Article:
Carbon Offset Consultants is running a recovery room scam.
If you have been scammed into buying carbon credits your contact details are likely to be on a “suckers list”. You will be contacted by companies offering to sell your carbon credits. The catch is that you have to pay a fee upfront. It really doesn’t matter what reason the company gives for the fee – whether it’s insurance, a deposit, a “joining fee”, the cost of converting voluntary to compliance carbon credits – the reality is that it’s a scam. You will not see the money again and the company will not be able to sell your (near worthless) carbon credits.
There’s a simple rule to avoid this type of scam: If a company cold calls you, just put down the phone. No legitimate investment company would cold call potential customers.
Carbon Offset Consultants claims to be based in Tokyo, Japan. That may or may not be true. The Open Corporates database doesn’t include any companies in Japan. And the Ministry of Economy, Trade and Industry’s company search site is in Japanese. In any case, if they ring you it’s largely irrelevant where the company actually is. Just put the phone down.
The company’s gives its address as 1-24-1, Esteck Joho building,
Nishinjuku, Shinjuku-Ku, Tokyo. While I’m sure that’s a great place to have an office (maybe even with a view of Mount Fuji) the building is a 28-storey office building and the company gives neither an office number nor a floor number.
The company’s website was registered in December 2009, by someone calling themselves Jiang Lihong. According to Carbon Offset Consultants’ website he was “appointed Chief Executive Officer for Carbon Offset Consultants on May 1, 2009”. There’s a photograph of him on the company website. Except that it’s not. A search on google images reveals that it’s actually a photograph of John L. Gokongwei, Jr. In 2013, Forbes listed Gokongwei as the fifth richest person in the Philippines, with a net worth of US$3.4 billion.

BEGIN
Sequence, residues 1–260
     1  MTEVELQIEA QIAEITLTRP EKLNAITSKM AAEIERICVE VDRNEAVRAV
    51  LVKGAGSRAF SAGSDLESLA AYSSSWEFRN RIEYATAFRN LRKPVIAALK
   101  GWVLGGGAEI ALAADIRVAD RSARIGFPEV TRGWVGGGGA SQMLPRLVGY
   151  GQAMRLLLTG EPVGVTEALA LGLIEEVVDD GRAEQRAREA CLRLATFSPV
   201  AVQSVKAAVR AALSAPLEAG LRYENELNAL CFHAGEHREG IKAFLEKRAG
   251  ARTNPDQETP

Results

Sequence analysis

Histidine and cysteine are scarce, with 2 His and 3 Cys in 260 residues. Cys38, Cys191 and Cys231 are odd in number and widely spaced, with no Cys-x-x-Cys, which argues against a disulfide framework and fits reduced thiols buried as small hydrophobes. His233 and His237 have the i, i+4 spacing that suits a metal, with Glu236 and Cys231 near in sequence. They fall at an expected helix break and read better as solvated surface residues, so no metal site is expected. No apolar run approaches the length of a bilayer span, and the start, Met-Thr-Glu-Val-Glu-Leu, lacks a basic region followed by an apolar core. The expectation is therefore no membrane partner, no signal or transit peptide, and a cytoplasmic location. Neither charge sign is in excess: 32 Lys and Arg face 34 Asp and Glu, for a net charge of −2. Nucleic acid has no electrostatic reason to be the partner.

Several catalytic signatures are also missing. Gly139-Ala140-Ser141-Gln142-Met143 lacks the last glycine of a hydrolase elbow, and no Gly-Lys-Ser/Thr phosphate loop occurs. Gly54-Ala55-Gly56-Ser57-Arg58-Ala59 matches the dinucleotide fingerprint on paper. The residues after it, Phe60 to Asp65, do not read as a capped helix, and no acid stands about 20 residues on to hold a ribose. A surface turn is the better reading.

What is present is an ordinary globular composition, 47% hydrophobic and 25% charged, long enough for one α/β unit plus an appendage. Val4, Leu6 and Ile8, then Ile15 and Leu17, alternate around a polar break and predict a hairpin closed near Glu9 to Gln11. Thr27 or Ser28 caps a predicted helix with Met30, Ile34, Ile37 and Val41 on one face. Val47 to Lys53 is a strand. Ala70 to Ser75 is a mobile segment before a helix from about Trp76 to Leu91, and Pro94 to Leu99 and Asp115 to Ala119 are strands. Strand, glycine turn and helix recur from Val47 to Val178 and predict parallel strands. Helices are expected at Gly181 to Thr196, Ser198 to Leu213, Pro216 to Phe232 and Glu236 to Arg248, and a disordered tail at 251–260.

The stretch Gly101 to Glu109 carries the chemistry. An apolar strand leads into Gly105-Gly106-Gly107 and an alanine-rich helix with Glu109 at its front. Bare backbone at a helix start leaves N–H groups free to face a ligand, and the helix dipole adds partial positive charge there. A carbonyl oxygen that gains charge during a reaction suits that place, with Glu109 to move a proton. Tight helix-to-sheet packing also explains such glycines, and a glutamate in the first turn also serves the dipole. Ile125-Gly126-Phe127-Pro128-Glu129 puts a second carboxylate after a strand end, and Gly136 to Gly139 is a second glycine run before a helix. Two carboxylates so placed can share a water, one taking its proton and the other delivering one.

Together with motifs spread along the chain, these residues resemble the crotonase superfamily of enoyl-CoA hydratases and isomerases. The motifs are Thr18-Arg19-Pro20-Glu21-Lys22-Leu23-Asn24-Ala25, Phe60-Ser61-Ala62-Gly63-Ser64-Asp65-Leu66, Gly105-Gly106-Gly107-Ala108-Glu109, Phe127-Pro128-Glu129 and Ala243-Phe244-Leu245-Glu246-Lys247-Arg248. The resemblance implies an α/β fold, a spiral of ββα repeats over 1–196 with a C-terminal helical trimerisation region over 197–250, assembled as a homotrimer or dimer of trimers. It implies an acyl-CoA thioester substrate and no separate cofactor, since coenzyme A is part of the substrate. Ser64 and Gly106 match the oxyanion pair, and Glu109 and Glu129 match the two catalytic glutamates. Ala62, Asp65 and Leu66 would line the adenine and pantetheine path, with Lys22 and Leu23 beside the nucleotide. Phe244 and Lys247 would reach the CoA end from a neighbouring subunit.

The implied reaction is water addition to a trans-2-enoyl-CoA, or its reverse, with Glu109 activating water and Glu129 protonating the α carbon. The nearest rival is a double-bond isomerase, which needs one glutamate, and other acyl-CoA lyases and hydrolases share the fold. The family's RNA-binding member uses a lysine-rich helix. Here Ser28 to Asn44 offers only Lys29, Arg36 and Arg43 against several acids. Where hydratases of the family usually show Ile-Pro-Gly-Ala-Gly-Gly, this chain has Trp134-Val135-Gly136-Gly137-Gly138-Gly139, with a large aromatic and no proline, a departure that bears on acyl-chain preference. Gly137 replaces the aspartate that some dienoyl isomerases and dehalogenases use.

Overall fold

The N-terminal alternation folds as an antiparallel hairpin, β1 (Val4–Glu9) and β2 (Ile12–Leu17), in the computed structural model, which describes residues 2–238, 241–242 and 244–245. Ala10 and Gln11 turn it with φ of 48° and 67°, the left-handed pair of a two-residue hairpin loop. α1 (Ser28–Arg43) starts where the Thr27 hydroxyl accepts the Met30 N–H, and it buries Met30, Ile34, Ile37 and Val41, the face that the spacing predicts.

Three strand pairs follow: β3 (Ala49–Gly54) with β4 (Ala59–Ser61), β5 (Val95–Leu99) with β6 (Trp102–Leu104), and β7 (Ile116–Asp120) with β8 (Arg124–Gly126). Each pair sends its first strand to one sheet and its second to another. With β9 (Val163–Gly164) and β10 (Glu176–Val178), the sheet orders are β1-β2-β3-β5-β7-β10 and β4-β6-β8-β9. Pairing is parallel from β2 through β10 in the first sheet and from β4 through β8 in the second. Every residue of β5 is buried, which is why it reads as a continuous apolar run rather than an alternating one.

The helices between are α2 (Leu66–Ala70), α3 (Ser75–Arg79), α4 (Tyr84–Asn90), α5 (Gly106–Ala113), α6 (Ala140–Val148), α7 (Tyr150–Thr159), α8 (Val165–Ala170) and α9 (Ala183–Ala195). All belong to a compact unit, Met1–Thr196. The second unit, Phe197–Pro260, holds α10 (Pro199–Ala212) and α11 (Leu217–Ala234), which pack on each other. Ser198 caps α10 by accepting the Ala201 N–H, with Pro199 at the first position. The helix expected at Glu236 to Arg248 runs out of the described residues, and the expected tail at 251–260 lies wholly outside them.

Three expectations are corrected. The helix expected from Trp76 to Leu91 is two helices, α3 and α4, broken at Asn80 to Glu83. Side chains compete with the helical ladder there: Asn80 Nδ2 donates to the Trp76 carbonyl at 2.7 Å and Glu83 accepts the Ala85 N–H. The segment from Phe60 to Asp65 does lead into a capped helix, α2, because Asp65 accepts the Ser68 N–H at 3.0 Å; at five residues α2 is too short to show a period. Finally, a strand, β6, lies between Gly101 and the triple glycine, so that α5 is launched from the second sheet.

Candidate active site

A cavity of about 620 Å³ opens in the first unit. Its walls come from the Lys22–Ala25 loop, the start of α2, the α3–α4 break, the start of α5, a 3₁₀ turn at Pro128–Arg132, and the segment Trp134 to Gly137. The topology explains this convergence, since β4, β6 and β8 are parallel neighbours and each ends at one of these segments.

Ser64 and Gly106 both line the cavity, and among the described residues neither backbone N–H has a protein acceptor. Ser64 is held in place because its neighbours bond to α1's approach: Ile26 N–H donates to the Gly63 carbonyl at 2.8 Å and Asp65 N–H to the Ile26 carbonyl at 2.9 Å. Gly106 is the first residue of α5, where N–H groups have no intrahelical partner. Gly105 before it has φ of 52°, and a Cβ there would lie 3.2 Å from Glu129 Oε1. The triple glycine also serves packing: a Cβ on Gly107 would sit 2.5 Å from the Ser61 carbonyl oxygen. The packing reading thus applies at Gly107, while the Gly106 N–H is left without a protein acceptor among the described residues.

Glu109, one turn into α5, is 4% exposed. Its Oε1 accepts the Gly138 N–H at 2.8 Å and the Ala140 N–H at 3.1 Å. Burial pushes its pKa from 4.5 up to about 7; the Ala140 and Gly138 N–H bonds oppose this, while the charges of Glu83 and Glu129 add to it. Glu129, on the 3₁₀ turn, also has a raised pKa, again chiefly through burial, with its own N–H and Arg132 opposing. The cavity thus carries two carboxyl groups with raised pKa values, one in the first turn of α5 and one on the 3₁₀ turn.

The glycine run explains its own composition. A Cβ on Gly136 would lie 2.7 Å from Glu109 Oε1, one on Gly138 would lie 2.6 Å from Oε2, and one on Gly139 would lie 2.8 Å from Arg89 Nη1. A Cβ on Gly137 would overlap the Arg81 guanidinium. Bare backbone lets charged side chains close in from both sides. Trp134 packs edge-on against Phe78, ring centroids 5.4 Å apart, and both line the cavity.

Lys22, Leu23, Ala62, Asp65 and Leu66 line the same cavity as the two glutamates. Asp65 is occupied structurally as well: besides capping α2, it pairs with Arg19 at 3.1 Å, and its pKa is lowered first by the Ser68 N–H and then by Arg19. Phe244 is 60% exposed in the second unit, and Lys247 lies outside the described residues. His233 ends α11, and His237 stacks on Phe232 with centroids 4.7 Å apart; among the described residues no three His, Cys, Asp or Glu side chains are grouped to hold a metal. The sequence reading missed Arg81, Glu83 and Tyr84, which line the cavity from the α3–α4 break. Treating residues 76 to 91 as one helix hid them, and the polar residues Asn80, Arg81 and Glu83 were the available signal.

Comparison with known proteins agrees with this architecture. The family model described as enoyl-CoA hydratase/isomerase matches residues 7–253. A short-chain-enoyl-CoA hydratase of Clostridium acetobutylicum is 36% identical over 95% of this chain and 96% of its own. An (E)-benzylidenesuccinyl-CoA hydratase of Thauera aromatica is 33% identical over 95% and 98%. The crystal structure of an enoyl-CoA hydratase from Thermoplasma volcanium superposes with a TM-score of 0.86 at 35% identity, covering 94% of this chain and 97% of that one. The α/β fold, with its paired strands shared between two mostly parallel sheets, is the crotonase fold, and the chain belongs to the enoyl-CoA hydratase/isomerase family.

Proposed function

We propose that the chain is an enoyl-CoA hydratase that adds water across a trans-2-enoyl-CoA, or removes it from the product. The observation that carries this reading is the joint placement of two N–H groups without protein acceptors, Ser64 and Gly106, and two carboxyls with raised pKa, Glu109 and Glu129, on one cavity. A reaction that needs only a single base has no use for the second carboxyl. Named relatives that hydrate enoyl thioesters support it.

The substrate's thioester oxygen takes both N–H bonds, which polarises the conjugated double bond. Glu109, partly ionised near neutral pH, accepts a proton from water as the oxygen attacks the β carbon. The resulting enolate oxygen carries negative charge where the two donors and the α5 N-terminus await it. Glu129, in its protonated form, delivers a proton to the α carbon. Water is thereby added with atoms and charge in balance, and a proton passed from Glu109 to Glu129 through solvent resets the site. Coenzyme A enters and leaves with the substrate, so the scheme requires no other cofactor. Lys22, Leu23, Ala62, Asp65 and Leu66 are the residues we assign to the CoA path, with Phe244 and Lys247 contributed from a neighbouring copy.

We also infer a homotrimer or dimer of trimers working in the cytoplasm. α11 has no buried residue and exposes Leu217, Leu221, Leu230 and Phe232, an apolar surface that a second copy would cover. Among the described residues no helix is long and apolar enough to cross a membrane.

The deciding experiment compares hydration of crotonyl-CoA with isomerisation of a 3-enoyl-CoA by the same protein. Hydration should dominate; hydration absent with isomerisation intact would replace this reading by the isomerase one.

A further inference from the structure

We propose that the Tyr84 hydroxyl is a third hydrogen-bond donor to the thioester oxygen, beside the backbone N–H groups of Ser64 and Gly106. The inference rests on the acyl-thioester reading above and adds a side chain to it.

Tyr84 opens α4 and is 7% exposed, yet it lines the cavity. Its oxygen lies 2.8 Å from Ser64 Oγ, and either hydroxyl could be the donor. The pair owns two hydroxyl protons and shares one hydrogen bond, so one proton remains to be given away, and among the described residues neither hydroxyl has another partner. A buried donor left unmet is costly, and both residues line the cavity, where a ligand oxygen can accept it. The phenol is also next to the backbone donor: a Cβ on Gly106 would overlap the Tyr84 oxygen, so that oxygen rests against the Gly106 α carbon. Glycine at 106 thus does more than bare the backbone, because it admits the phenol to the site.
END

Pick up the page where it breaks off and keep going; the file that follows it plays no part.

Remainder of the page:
It’s difficult to trust a company that uses a photograph of someone else as the company CEO. Perhaps more worrying is that a search on Google for “Jiang Lihong” and “carbon” reveals no previous experience in carbon trading.
The other photographs on the company’s website of the Carbon Offset Consultants team are also suspicious. The photograph of “Steven McKnight” was taken by a photographer called Rob Wilson. (The same photograph appears on the website of another company called Carson Fitch, where he’s goes under the name of Rob Marshall.)
Rob Wilson also took the photograph of “James Brooke”.
Rob Wilson has confirmed to REDD-Monitor that these photographs are not of anyone called Steven and James who work in a Tokyo-based company selling carbon credits.
The photograph of “Mark Ryan” was taken by Craig Williams of Awesome Headshots Photography Studios.
The photograph of “David Carter” was taken by a photographer called Dan Splaine and is actually of someone called Jack Penkala. David Carter’s made up experience on Carbon Offset Consultants’ website is colourful. It includes a spell at The Nature Conservancy, the World Bank and an (un-named) NGO that he founded in Africa.
On its website, Carbon Offset Consultants claims that,
“Businesses worldwide chose our services to help to decrease or negate their carbon footprint, in an efficient and cost effective manner.”
But not a single name of a company that uses Carbon Offset Consultants’ services is listed on the website. Hardly reassuring.
One sentence on Carbon Offset Consultants website is true. It’s written in capitals and in bold text:
The statement is presumably there to reassure people that Carbon Offset Consultants do not sell carbon credits as investments. But Carbon Offset Consultants describes its business as providing a service to companies that want to reduce and offset their emissions. In that case, why would the company’s website include this statement, which is aimed at retail investors?
If someone cold calls you from Carbon Offset Consultants with offers to sell your carbon credits, just put the phone down. And if you’re in the UK, I’d suggest contacting Financial Conduct Authority via their consumer helpline. Also report them to Action Fraud: 0300 123 2040 or via the website.